1. I’m a product of what happens when you learn to fully trust your creative subconscious and just write into the dark. For example, yesterday I submitted a short story to a members-only, online club that is publishing essays, short fiction, poetry, and visual art – The Soaring Twenties Social Club.

    I wrote the story in a day and a half before deadline, not having full confidence in it whatsoever. Still, I wrote it and gave it the editor. Once again I was surprised at the reception. Comments from readers offering high praise, telling me it was my best work yet.

    For anyone who is reading this, TRUST your creative voice. Just write, have fun, and publish the damn thing! Harvey’s right, you have nothing to lose! I’ve only become more confident in my storytelling skills and I’m not resting anytime soon.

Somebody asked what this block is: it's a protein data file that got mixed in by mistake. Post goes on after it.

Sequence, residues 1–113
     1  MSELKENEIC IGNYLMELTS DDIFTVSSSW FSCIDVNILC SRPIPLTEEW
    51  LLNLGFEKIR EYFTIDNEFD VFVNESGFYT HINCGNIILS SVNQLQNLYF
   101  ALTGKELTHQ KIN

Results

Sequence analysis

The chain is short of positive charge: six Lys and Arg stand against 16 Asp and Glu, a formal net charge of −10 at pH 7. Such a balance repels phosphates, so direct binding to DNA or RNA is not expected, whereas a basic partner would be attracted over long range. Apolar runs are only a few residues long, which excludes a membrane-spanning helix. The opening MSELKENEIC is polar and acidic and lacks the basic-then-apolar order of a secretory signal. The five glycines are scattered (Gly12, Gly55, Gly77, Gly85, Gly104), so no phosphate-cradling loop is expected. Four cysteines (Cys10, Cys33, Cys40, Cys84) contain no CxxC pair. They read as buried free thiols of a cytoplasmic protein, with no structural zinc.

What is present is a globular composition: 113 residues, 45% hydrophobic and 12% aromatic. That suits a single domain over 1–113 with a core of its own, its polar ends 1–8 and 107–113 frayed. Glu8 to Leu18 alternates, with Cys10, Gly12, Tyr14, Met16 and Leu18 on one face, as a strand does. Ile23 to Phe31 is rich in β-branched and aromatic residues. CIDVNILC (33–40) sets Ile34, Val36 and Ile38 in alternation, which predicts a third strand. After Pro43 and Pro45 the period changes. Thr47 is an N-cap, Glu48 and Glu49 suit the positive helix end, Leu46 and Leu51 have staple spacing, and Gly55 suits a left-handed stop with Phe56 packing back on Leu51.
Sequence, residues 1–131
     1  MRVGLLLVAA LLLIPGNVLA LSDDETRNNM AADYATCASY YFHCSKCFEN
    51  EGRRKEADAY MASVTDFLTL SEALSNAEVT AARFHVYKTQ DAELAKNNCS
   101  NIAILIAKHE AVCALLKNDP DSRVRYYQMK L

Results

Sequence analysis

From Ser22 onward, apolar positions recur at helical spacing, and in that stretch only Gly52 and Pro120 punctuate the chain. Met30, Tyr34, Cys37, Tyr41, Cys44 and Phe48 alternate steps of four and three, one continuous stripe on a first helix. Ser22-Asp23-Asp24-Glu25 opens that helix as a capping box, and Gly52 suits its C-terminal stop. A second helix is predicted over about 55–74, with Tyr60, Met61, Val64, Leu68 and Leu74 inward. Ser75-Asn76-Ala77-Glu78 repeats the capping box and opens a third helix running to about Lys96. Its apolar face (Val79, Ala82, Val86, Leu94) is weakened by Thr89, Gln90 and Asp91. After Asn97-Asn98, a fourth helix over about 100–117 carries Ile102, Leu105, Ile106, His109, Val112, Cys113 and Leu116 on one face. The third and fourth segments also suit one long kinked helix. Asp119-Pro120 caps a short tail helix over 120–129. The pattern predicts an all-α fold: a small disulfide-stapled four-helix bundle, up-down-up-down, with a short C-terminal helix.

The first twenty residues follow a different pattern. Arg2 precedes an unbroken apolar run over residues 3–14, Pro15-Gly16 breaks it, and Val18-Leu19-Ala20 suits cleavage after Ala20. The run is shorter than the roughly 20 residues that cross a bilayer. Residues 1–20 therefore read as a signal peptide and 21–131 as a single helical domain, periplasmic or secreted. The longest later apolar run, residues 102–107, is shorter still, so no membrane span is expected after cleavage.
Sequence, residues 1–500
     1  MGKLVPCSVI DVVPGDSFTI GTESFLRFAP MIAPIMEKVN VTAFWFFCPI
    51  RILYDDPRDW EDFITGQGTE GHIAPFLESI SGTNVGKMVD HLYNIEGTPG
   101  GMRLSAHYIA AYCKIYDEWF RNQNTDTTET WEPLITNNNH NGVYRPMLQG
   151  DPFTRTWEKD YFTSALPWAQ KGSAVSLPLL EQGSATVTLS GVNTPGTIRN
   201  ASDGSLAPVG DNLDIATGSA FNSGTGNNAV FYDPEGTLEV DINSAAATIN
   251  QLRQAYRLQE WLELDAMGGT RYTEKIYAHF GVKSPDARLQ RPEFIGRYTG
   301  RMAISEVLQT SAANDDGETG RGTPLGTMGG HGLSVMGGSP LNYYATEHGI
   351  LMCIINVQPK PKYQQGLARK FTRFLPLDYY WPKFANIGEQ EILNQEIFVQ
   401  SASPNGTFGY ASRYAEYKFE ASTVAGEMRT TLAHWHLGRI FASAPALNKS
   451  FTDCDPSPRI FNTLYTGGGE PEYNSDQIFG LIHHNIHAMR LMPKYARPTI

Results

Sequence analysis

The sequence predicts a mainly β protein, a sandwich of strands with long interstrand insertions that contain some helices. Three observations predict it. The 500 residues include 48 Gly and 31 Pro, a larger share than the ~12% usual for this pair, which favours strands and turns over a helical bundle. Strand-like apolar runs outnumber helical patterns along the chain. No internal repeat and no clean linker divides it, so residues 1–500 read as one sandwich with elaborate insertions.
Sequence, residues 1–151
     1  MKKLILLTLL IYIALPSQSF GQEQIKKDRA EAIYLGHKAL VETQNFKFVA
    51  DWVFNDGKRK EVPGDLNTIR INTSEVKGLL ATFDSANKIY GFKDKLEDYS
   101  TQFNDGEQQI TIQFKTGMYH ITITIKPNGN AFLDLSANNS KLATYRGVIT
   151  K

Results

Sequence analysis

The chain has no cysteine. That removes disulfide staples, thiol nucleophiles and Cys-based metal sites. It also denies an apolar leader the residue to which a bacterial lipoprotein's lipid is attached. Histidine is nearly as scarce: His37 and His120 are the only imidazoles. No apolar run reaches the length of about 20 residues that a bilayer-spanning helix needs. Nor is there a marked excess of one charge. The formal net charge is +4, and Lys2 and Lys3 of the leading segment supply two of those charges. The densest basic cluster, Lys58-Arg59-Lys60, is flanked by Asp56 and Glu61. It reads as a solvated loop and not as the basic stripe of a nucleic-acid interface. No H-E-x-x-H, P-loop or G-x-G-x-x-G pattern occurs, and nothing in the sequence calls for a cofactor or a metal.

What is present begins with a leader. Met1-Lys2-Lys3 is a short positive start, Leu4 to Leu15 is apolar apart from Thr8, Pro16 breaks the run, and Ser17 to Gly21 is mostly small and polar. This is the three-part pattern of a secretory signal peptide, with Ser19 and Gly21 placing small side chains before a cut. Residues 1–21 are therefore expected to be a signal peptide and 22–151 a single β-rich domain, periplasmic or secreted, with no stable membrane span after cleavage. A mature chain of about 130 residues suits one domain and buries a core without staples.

Just write!

  2. I found you through your comments on TKZ. And it wasn’t just one. I noticed you showing up again and again and one day I thought, I want to see what else this guy is saying.

  3. I was scared until I read the end (grin). I know one day you’ll leave us to devote all your writing energy toward fiction (and that’s way more important anyway), but I’m just glad that day’s not today.

    Today I finished my second short story for the Bradbury Challenge. It’s continuing to be such a fun, freeing thing. It reminds me of being a kid and just writing whatever, just because it was fun. Never stopping to question a word choice or wonder what was coming next—just fingers to the keyboard constantly, writing, writing, writing, and having a blast. I feel closer to the kid version of me as a writer now more than ever before. Lately I’ve been waking up excited to write, straining at the leash to jump back into my stories. It’s been great. Thanks for helping me reignite that joy, Harvey.

    • Exciting for us all who dive in, Chynna. Congratulations. Now never let that exhilaration and excitement go.

Comments are closed.